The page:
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Rebecca is not the type that usually comes to mind when thinking about the importance of affordable prescription drugs and access to home care services, especially for older people. Instead, Rebecca is a 32-year-old millennial who works full-time and also cares for her mother who has had a stroke. Rebecca and her new husband returned to her mother’s childhood home in Queens, New York to help her with daily chores such as cooking and eating, taking medication and paying bills. Rebekah and her husband 53 million people in the US who care for the elderly or disabled, a number that has increased by nearly 10 million from 2015 to 2020.

In addition to home care, Rebecca’s mother requires at least eight different medications, including recently prescribed injectable medications that may not be covered by her mother’s insurance. “Every time another drug is added, we hold our breath,” Rebecca said. “My generation is already coping with multiple financial challenges. We need lower drug prices and a better support system for affordable, quality care when our loved ones need it.”

Elder Living expenses are growing, especially with regard to medical and long-term care. Prices on prescription drugs soared to the point where many older people are forced to cut their pills in half or miss life-saving medications generally.

Lack of access to affordable home care and prescription drugs places a heavy burden on workers who are also trying to meet family care needs. FROM average salary in the country less than $60,000 Every year, Americans who work every day face impossible choices, such as staying at work to pay for needed prescription drugs or staying at home to provide the care their loved ones need but can’t afford. This decision forces many out of the workforce and worsens the economic prospects for their own future.

The Senate can – and should – do something about this right now.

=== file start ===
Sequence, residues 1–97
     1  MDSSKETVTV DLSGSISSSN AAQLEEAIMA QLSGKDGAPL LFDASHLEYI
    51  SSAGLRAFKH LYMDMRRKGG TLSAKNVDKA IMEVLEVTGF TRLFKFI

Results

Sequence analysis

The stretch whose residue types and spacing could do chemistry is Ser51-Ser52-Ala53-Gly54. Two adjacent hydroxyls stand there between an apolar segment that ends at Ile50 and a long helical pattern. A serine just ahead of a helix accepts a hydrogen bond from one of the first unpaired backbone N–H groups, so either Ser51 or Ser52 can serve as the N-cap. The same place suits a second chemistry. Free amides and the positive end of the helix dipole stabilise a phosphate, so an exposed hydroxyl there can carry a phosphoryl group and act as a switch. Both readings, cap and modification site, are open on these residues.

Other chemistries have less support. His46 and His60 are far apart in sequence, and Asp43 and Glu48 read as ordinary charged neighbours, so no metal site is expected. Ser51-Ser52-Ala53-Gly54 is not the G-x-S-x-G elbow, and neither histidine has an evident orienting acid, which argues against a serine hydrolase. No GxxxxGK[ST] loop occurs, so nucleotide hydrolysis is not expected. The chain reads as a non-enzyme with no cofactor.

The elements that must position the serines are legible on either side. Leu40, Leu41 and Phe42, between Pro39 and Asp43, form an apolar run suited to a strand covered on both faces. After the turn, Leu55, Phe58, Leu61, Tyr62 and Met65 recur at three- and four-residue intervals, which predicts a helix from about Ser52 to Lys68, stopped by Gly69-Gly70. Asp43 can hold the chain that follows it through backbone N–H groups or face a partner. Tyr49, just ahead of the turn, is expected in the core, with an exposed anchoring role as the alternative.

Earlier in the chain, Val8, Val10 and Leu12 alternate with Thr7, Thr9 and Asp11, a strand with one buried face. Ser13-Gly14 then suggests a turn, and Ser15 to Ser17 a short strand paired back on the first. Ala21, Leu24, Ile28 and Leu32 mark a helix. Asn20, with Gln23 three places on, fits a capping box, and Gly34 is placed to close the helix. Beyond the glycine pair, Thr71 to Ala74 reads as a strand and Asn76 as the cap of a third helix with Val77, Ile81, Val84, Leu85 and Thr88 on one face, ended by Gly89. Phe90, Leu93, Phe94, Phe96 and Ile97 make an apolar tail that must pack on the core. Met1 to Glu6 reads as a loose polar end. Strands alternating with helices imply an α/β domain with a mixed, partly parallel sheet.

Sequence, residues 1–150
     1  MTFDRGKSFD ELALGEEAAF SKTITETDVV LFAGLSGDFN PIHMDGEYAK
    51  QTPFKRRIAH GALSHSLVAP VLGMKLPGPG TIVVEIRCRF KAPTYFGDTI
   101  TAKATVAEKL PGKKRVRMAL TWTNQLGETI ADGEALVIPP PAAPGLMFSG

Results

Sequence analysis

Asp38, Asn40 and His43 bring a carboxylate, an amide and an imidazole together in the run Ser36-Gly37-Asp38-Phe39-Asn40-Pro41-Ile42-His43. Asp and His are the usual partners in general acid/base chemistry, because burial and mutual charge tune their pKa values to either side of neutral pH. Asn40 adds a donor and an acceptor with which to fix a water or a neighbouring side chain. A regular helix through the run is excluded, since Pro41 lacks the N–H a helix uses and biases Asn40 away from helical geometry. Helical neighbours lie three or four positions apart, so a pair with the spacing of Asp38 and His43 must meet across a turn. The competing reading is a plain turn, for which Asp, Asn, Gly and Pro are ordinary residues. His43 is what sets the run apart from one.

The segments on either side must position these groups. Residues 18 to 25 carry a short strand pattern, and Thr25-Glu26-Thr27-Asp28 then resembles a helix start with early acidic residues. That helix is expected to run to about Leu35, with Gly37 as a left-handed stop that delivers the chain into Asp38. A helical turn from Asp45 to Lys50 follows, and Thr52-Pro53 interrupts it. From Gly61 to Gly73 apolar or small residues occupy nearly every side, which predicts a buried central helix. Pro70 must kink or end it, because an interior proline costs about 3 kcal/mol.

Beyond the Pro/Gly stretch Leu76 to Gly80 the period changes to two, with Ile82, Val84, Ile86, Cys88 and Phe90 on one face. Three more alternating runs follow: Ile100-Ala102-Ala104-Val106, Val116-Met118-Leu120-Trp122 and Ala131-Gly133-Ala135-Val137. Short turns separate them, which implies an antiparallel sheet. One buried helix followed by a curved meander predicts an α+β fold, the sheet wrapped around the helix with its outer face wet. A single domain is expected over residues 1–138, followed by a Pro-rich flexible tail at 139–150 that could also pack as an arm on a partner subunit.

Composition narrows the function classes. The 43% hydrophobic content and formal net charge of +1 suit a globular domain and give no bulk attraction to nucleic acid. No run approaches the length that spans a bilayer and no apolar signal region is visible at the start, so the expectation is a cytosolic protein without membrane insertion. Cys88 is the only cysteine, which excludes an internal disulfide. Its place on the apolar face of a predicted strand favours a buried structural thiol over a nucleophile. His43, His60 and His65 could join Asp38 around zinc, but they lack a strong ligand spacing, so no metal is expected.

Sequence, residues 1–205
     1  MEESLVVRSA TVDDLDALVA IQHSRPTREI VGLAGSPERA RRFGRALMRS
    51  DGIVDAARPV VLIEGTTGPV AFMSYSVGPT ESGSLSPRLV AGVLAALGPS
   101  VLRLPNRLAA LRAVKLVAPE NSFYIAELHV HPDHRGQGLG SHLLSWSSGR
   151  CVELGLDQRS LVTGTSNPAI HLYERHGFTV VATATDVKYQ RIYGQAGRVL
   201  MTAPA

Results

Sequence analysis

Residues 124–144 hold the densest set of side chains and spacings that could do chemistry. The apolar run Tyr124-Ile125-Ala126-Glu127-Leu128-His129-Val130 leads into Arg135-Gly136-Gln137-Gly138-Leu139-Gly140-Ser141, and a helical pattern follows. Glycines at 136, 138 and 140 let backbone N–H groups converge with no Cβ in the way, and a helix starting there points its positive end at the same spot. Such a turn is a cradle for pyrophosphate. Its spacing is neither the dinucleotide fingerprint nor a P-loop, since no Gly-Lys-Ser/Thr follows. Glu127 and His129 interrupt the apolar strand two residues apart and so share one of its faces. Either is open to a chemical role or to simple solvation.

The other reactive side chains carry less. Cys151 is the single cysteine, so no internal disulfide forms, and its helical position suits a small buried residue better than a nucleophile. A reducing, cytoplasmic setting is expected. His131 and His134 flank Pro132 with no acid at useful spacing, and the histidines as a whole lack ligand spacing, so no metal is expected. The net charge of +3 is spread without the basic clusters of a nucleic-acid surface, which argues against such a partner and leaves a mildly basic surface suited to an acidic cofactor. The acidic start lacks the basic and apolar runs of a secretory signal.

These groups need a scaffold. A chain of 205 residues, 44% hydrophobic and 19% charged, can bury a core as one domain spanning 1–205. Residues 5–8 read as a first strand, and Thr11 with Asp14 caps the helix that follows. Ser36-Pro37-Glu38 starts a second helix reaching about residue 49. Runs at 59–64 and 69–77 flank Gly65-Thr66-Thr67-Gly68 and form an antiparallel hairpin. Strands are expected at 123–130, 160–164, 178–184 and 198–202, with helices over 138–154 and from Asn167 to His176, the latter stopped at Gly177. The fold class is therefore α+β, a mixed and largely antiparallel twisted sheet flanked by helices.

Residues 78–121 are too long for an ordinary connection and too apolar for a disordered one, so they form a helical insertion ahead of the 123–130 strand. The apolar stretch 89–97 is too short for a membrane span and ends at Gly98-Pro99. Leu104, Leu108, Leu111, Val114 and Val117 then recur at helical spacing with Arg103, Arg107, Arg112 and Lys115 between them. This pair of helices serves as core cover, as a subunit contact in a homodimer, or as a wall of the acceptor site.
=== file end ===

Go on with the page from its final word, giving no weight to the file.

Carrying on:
Every American deserves access to prescription drugs at the lowest bargain price. House passed Elijah Cummings Cuts Drug Costs, Now Acts (HR3) will save Medicare about $450 billion over ten years, largely by allowing the program to negotiate prices directly with Big Pharma. Or, under the Better Funds Recovery Act passed by the House of Representatives, Medicare will be able to negotiate prices for up to 10 drugs a year starting in 2023, and that number will eventually increase to 20 drugs a year. The Congressional Budget Office estimates that the federal budget savings from drug price regulations will be $297 billion in ten years.

In any case, the ban on allowing Medicare to negotiate drug prices should be lifted.

Through a legislative mechanism called budget reconciliation, with 50 votes, the Senate can accept vital investments from federal funding in the public interest. The elderly and their families need affordable home care so that family members are not forced to leave their jobs to take over caregiving. Professional carers—86 percent of whom are women, and most of them women of color—need a family-supporting wage. Pay Increases for Medicaid Home and Community Care Workers expand the labor market and strengthen that workforce, according to Moody’s Analytics.

Any reconciliation agreement passed by Congress must include these vital investments to lower the costs of caring families, strengthen the workforce, and lower prescription drug prices. Most Americans Agree: Recent Polls Show 87 percent of respondents support the policy of providing “affordable long-term care for the elderly and people with disabilities” and 81% support from Republicans to allow Medicare to negotiate lower prescription drug prices.

We can afford this investment, but we cannot afford to wait. People like Rebekah, her husband and her mother, all of us, need the Senate to act now.

Ai-jen Pu is president of the National Domestic Workers Alliance. Max Richtman is President and CEO of the nonprofit National Committee for the Preservation of Social Security and Medicare. He is the former chief of staff of the Senate Select Committee on Aging.

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